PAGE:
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Old 01-24-2011, 10:43 PM   #1
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Can excessive plaque or scaling move teeth?

Hi all,

My first post, please be gentle

I went to the dentists which was long overdue after a few years, and used to go regularly. My teeth have always been very good, straight without any fillings or gaps between them.

There was quite a bit of plaque built up on the bottom front teeth (enough that I noticed it and picking at it a very small piece broke off motivating me to go) but otherwise he said were ok which was a relief, and I got them cleaned. When I got home and looked in the mirror I noticed my bottom front teeth have moved/tilted slightly sideways and there is now a 1 millimetre gap in the middle.

Is it possible that the excessive plaque build up over a few years could have caused this?

Or is it possible that during the process of cleaning and scaling and must note that my dentist is very forceful could have moved them slightly, maybe once the plaque was removed?

I realise the OR doesn't seem very plausible but I flossed about 3 weeks ago and I would definitely have noticed if there was a gap as my front bottom teeth especially have always been (were always) very close together needing to really push the floss through.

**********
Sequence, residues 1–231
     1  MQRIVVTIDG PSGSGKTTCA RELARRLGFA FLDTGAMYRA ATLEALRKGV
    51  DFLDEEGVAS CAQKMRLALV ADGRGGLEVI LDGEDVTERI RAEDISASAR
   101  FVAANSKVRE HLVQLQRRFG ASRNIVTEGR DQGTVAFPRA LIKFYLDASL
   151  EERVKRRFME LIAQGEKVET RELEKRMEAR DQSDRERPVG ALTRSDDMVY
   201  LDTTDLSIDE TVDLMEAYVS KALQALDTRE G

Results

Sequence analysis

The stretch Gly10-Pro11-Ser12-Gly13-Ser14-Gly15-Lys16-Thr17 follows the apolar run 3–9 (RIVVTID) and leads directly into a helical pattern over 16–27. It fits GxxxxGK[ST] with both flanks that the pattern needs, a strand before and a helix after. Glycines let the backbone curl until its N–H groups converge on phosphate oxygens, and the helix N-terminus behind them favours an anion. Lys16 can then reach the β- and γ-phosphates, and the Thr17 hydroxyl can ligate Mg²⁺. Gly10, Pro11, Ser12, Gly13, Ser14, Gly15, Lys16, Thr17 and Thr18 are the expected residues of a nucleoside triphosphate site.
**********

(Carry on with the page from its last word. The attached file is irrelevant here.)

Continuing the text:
Very much regretting not flossing before I went as I thought of and would now know for certain, but I then thought no need as was going to the dentist.

Any help please will be very much appreciated.

Thank you.

 
Old 02-02-2011, 12:31 PM   #2
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Re: Can excessive plaque or scaling move teeth?

Is it possible that the excessive plaque build up over a few years could have caused this?

Yes! If you have bone loss underneath all of that plaque, it is very possible for the plaque
to be acting as reinforcement for the teeth and without that reinforcement, with the teeth "on their own" without the plaque as the cement between them, you will definitely notice your teeth in a different position.

 
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Old 02-03-2011, 05:06 AM   #3
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Re: Can excessive plaque or scaling move teeth?

Hi,
I agree with slenderella. If plaque buildup was enough that it could chip off, then it was probably forced below the gumline. When it is removed the gum will no longer be attached to that section of the tooth. This can cause the gum to shrink away from it leaving what they call a "black triangle" between the teeth. There is nothing you can do to grow the gum back short of gum replacement surgery.

The teeth can then also shift in their position as slenderella explained. The plaque was acting as a splint and holding the teeth in their position all the while pushing the gum away from the tooth as it built up. When the plaque is removed, the splinting is gone and the teeth can shift. They may move back into their original place.

Hope this helps.
Best to you,
Gellia

 
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